Wednesday, June 25, 2014


Thursday, June 26th, 2014
Baton Rouge, Louisiana

Twenty-Eight years ago this week, President Ronald Reagan traveled to West Berlin, and at the Brandenburg Gate admonished: “Mr.Gorbachev take down that wall.”  The Berlin Wall had been erected by the puppet soviet state of East Germany. Unless you are over sixty five or are a history buff, you may not understand the tensions that existed then had many observers feeling that we could be on the brink of war with the Soviet Union. 
The wall was initially a 25-mile long barbed wire fence.  In the months that followed, the “wire wall” became concrete with guards aloft who shot anyone trying to climb the wall, and make their way into West Berlin.   For the next 26 years, German citizens were not allowed to cross the wall.  Americans could enter into East Berlin at “Checkpoint Charlie,” only if they could establish some business purpose for crossing the border.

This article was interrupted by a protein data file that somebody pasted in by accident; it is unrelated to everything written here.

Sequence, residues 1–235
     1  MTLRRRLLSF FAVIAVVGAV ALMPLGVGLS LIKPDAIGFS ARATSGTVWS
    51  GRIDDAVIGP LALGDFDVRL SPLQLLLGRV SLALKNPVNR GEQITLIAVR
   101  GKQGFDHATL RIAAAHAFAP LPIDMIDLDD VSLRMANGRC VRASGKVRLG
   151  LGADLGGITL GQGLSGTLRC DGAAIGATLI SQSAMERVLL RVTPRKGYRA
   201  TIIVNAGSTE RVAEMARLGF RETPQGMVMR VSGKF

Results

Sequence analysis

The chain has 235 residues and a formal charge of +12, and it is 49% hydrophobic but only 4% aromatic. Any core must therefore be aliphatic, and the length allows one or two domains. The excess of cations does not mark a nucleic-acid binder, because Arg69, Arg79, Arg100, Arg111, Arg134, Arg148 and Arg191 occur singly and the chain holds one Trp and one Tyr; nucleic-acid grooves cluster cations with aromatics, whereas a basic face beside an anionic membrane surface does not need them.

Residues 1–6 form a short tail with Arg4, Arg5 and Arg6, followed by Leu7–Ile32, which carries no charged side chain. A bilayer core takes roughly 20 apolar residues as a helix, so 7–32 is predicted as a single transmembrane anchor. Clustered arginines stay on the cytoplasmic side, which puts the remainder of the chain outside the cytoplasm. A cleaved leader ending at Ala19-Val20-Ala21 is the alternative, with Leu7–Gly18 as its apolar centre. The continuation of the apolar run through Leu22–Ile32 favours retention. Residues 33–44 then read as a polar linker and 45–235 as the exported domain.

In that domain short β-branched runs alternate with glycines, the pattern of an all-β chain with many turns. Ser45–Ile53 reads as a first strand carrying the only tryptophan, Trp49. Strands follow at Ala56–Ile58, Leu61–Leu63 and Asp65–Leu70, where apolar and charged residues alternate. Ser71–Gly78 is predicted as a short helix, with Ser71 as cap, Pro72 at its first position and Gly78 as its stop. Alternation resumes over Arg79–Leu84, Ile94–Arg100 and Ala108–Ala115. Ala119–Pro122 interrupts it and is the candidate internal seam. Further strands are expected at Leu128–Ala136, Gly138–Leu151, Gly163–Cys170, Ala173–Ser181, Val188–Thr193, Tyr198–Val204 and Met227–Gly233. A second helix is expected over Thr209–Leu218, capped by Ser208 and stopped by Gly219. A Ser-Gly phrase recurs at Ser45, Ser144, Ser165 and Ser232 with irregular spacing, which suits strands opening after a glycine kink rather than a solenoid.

At the time, I was a politically naïve graduate student at Cambridge University in England.  I had the privilege of being a member of the U.S. Track Team competing in track meets throughout Europe.  A meet promoter approached me to compete at a major competition in East Berlin.  Since I had never been to East Germany, I figured if the promoter was willing to cover the expenses of a struggling student runner, why not go for it.
I would have to cross the Berlin Wall and compete at the Olympic stadium in East Berlin.  America did not recognize East Germany as a legitimate country at the time. It was considered a Russian puppet state, and the U.S. maintained no diplomatic relations with the East Germans. Once I crossed to the other side of the wall, I would be on my own.